Ten Afghans arrived in Rome from the Greek island of Lesbos last week. They are the first refugees to arrive in Italy via a humanitarian corridor after the COVID-19 lockdown.
The ten refugees arrived in Rome on Thursday, after long months of waiting due to the COVID-19 pandemic. Among those who arrived in Rome are a family with the two parents and two children, a young newly married couple, a widow with two children and a young single man. All were given COVID-19 tests at Rome's Fiumicino airport on arrival but will also undergo quarantine as an additional precaution.
The ten people are all Afghan nationals, as is the case with the vast majority of refugees on the island of Lesbos. The Greek island has been overwhelmed by refugee and migrant arrivals, the local camp -- Moria -- is extremely overcrowded, living conditions are poor.
'A big hope and joy'
"There was a very long wait for these families and it seemed like everything was closed but instead the corridors are reopening. This is a big hope and joy," Sant'Egidio founder Andrea Riccardi said upon their arrival.
"The first humanitarian corridor after the lockdown," a statement issued by Sant'Egidio said, "was made possible thanks to invaluable synergy between the Italian authorities and their Greek counterparts, especially between the Italian interior ministry through Department Chief Michele di Bari and the Greek immigration and asylum ministry."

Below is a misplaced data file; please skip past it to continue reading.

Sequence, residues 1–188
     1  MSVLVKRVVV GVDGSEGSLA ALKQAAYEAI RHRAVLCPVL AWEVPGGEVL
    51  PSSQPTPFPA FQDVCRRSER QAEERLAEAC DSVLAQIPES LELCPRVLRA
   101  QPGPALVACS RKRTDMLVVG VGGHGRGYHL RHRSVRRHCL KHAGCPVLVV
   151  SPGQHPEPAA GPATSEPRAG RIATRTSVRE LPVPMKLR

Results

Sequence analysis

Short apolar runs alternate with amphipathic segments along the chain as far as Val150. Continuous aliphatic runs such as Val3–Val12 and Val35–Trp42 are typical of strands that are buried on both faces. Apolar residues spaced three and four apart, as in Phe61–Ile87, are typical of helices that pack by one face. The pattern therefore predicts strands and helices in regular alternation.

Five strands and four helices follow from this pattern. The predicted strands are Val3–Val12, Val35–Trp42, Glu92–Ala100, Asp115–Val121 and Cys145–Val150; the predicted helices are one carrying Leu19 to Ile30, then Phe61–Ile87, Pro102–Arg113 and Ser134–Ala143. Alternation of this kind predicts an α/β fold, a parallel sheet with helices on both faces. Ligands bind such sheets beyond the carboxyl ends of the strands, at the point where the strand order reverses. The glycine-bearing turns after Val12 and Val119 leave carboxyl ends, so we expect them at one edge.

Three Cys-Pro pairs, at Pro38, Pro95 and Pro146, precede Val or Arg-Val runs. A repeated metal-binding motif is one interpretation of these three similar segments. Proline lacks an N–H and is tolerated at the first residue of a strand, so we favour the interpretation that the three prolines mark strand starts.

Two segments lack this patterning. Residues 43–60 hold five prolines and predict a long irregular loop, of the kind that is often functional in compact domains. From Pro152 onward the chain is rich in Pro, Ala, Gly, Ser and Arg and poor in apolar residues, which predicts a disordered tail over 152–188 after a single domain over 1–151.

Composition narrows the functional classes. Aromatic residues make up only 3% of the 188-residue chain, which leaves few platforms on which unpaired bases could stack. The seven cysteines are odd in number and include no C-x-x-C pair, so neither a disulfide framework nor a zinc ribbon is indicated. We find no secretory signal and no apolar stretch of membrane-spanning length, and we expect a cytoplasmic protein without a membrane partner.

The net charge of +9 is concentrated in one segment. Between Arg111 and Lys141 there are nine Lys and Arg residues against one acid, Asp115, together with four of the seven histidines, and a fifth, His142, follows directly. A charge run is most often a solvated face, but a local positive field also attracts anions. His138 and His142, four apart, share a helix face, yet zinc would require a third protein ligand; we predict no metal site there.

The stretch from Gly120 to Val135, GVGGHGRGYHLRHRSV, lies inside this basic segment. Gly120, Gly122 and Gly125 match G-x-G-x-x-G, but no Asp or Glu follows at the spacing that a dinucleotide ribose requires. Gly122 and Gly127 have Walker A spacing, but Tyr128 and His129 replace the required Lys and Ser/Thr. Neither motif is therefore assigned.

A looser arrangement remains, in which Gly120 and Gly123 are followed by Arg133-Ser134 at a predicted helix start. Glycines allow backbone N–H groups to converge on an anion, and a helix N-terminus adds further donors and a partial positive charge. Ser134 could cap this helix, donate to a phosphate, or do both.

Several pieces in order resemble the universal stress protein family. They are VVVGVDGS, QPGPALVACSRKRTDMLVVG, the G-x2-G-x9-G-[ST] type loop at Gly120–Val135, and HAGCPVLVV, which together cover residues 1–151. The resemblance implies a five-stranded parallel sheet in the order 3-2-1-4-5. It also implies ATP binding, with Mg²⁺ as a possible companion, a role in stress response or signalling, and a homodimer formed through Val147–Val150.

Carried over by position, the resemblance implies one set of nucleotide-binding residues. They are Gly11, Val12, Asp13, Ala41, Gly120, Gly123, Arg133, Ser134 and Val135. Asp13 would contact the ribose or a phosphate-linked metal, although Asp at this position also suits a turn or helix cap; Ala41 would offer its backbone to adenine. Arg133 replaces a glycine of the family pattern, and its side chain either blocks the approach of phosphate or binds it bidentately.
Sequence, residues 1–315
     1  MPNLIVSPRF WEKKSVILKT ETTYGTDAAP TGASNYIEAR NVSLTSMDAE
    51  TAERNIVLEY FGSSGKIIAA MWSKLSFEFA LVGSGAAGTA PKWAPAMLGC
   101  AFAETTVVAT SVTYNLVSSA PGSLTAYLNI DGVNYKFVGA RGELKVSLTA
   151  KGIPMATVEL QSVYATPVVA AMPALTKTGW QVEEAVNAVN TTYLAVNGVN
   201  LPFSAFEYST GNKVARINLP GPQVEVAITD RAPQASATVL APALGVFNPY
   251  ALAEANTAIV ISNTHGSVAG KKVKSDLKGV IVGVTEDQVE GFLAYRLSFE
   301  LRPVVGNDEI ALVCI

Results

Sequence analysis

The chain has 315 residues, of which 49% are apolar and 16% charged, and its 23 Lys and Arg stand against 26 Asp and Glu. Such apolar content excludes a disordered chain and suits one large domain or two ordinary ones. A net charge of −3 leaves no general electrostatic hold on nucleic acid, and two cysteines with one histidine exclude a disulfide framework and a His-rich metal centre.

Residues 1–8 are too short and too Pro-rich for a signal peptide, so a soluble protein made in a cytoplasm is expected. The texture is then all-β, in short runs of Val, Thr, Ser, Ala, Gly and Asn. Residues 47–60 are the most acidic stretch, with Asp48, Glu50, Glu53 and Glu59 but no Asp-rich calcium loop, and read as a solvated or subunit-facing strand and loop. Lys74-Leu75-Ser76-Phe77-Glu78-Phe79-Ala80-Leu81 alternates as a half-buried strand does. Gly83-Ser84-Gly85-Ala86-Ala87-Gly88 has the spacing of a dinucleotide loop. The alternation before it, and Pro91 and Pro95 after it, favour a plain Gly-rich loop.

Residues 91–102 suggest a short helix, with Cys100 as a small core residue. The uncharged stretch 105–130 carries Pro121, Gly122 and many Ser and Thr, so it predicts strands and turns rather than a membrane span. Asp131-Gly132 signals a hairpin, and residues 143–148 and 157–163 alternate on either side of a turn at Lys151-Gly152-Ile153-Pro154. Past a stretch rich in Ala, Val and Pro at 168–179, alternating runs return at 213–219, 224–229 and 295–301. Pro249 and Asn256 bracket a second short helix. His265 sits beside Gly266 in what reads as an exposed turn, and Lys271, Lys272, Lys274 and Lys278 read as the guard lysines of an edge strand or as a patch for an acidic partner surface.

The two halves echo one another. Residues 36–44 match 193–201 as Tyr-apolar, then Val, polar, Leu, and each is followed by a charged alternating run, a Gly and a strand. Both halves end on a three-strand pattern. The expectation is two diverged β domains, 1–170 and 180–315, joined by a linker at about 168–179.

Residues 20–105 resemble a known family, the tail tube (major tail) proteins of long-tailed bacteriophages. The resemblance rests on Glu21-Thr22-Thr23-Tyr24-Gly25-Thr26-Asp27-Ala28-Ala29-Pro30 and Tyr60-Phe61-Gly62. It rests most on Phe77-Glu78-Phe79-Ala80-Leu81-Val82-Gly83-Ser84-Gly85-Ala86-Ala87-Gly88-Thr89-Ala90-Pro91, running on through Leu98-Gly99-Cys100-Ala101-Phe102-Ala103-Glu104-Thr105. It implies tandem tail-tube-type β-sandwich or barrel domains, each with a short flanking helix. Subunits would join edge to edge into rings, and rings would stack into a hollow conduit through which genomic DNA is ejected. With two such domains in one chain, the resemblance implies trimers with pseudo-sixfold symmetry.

Hosting migrants via humanitarian corridors
The ten Afghans are the last group of refugees brought to Italy from the Greek island of Lesbos by an initiative launched by Pope Francis through the Office of Papal Charities and the Catholic charity Sant'Egidio. A total of 67 people have arrived in Italy from Lesbos through several trips via the "Pope corridors." The first 12 had arrived on the same plane as the pope on April 16, 2016.
The "Pope corridor" is one of several humanitarian corridors in Italy. Humanitarian corridors allow private organizations -- such as religious charities -- to host refugees in Italy and thus sponsor their relocation from conflict-ridden countries (such as Libya) and overcrowded camps (such as Moria on the Greek island of Lesbos). Several other European countries have copied this Italian model. All in all, humanitarian corridor projects have brought over 3,000 refugees to Europe thus far.